- Lot: A subdivision of a section which is not an aliquot part of the section, but which is designated separately. A lot is typically irregular in shape and its acreage varies from that of regular aliquot parts.
- Initial point: The starting point for a survey; the intersection point of the Principal Meridian and the Base line in a given region.
- Land grant: Historically a land grant is an area of land to which title was conferred by a predecessor government, usually Spanish or Mexican, and confirmed by the U.S Government Courts after the territory was acquired by the United States.
- Monumentation: Placement and/or marking of physical objects on the ground to mark survey points and lines.
- PLSS: Public Land Survey System
- Original Survey The first official government survey in a given area. Unless fraud is proven, the original survey is legally valid and binding, regardless of any surveying errors that may have occurred. All subsequent subdivision, sale, etc. must proceed from the original survey. In the United States, most original surveys were done under contract with the General Land Office.
- Principal meridian (PM): A true meridian running through an initial point, which together with the baseline, form the highest level framework for all rectangular surveys in a given area. The list of all principal meridians is given below.
- Public domain (land): Land owned and managed by the Federal government. Synonymous with public lands. National Parks and National Forests are a large part of the public domain land today. The original public domain included the lands that were turned over to the Federal Government by the original 13 States, and areas acquired from the native Indian tribes or foreign powers.
- Range (Rng, R): A measure of the distance east or west from a referenced principal meridian, in units of six miles.
- Section: An approximately one-square-mile block of land. There are 36 sections in a survey township.
- Township (Twp, T): (1) Synonym for survey township, i.e., a square parcel of land of 36 square miles, or (2) A measure of the distance north or south from a referenced baseline, in units of six miles.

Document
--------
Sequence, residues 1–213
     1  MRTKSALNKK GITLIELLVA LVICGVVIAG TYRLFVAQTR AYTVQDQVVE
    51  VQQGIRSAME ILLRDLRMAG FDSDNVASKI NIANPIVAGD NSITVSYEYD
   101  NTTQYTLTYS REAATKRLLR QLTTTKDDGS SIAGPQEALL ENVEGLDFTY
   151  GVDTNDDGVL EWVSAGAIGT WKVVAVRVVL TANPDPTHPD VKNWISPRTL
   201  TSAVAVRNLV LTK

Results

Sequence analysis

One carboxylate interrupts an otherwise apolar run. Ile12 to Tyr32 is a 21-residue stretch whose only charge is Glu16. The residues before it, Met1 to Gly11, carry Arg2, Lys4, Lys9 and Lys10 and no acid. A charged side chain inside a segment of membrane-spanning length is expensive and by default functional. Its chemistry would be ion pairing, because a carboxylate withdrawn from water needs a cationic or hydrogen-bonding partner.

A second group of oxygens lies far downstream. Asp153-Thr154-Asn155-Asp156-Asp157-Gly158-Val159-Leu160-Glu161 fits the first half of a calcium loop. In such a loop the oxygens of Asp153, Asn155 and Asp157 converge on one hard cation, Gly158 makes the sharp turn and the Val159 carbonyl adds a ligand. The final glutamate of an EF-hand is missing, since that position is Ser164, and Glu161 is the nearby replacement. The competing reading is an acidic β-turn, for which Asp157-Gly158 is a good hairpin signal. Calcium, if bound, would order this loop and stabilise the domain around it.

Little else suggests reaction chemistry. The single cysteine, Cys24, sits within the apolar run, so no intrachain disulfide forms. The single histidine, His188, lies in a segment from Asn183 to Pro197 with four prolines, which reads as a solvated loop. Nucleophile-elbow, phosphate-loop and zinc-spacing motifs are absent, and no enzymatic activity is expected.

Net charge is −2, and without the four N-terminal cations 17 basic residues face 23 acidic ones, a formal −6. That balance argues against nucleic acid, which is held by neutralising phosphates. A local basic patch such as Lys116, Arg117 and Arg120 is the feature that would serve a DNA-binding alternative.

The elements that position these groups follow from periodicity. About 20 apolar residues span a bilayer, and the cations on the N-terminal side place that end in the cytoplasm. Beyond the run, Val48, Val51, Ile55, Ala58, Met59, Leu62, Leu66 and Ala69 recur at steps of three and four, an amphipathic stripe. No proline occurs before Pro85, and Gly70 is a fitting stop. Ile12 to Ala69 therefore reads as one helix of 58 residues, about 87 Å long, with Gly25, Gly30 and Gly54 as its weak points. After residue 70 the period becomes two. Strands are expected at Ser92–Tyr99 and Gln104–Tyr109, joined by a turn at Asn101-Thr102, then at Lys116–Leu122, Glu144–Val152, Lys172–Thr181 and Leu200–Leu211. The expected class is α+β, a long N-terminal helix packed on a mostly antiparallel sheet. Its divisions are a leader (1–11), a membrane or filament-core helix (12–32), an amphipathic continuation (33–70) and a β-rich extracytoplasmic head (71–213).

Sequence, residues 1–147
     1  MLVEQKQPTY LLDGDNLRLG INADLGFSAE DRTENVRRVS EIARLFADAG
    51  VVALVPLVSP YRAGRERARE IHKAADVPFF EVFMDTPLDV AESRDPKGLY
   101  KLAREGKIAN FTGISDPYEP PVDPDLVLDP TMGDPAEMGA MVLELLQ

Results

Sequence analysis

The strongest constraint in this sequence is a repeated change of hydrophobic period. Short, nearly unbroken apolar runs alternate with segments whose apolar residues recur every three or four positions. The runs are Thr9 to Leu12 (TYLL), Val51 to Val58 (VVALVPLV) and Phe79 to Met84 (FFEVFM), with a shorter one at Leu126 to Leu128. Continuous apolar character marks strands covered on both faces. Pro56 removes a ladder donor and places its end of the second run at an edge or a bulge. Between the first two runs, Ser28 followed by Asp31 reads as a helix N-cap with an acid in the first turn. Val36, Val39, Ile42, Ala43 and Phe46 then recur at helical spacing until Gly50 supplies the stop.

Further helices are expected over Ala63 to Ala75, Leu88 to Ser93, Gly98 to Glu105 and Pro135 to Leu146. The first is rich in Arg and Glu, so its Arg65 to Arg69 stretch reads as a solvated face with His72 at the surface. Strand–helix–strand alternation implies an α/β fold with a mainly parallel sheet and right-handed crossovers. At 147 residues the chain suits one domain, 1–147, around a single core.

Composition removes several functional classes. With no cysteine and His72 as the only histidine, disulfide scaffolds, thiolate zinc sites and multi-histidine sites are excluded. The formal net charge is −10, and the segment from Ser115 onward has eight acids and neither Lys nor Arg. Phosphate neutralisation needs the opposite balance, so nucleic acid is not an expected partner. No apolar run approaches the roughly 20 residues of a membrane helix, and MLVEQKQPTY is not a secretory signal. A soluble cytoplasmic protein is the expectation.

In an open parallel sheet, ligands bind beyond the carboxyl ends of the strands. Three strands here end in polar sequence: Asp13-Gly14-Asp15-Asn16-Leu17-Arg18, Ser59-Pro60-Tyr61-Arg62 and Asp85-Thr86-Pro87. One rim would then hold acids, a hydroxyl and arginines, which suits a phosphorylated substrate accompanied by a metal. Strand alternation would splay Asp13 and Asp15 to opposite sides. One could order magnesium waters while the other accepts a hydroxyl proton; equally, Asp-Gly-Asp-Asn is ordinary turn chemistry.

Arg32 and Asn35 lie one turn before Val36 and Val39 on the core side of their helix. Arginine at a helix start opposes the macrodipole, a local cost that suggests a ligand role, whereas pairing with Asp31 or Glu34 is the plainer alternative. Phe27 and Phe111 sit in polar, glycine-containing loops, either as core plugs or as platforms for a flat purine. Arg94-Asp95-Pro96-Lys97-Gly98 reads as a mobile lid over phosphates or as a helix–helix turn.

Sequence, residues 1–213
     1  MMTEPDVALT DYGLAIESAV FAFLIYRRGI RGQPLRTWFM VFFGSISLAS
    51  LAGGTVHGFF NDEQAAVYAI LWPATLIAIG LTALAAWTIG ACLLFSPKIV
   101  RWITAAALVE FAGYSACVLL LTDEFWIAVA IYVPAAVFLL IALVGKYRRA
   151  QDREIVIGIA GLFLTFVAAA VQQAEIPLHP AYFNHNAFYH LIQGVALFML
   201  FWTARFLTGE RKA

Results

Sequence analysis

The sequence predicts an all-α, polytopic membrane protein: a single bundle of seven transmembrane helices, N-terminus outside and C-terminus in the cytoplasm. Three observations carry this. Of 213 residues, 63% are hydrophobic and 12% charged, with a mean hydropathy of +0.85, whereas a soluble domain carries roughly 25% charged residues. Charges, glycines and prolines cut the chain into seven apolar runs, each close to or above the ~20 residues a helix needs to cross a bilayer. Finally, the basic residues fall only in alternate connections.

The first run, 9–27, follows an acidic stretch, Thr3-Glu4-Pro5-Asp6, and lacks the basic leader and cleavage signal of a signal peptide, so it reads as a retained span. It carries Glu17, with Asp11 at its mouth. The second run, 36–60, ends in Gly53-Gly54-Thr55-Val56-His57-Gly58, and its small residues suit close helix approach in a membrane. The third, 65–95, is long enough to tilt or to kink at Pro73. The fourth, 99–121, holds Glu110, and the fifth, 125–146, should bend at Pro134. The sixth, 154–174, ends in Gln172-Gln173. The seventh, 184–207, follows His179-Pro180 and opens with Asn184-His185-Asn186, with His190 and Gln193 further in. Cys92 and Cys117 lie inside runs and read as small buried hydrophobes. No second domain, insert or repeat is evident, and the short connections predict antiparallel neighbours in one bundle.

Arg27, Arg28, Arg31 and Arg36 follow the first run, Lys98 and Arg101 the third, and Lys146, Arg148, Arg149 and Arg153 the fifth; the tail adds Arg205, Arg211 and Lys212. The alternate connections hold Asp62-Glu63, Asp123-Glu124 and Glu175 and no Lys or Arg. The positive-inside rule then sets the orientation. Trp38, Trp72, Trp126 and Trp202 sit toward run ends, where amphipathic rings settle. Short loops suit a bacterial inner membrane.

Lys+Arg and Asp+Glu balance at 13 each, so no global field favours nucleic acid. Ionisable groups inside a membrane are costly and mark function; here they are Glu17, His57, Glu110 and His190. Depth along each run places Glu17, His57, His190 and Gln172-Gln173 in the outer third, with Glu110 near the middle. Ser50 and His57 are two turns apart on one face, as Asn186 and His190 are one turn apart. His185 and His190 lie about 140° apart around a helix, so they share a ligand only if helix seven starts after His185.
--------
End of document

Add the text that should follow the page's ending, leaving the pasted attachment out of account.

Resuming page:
- Witness: Any marker set on the ground that marks or represents some other, nearby object or location of surveying importance, such as a corner. A bearing tree is a witness to a survey corner.
The surveying of any regional area, such as a state or two, is a multi-step process. First, two controlling survey lines are established: a baseline, which runs east-west and a principal meridian, which runs north-south (Fig. 1). The locations of the two are determined by a previously chosen initial point, where they originate and thus intersect. Next, at a defined distance interval, commonly 24 or 30 miles (48 km) depending on the year and location, standard parallels of latitude are established parallel to the baseline. The meridian, baseline and standard parallels thus established form a lattice upon which all further surveying is then based. Subsequent work divides the land into survey townships of roughly 36 square miles (~93 km2) or 6 miles (~9.7 km) on each side. This is done by the establishment of township and range lines. Township lines run parallel to the baseline (east-west), while range lines are true meridians and thus run north-south; each are established at six mile (10 km) intervals. Lastly, townships are subdivided into 36 sections of approximately one square mile (640 acres, ~2.6 km2) and sections into four quarter-sections of 0.25 square mile (160 acres, ~0.65 km2) each. (See descriptions and figures illustrating the system). The intersection of a township line (or baseline) with a range line (or principal meridian) constitutes a township corner, of a section line with any other type of line a section corner, and a point halfway between any two section corners a quarter corner. The federal government typically surveyed only to this quarter-section level, the subdivision of smaller parcels being carried out subsequently by private surveyors after original sale.
Because the survey design is two-dimensional (rectangular), while the actual earth is three-dimensional (~ spherical), adjustments to land areas must be made periodically to prevent error propagation; not all sections can be one square mile nor can all townships be exactly 36 square miles. More specifically, all north-south running lines (all range lines and half of all section lines), as with the prime meridian, are always established with reference to true, geodetic north. But it is a physical impossibility to meet this condition and still maintain a rectangular land grid, because such lines converge on the north pole—they are meridians.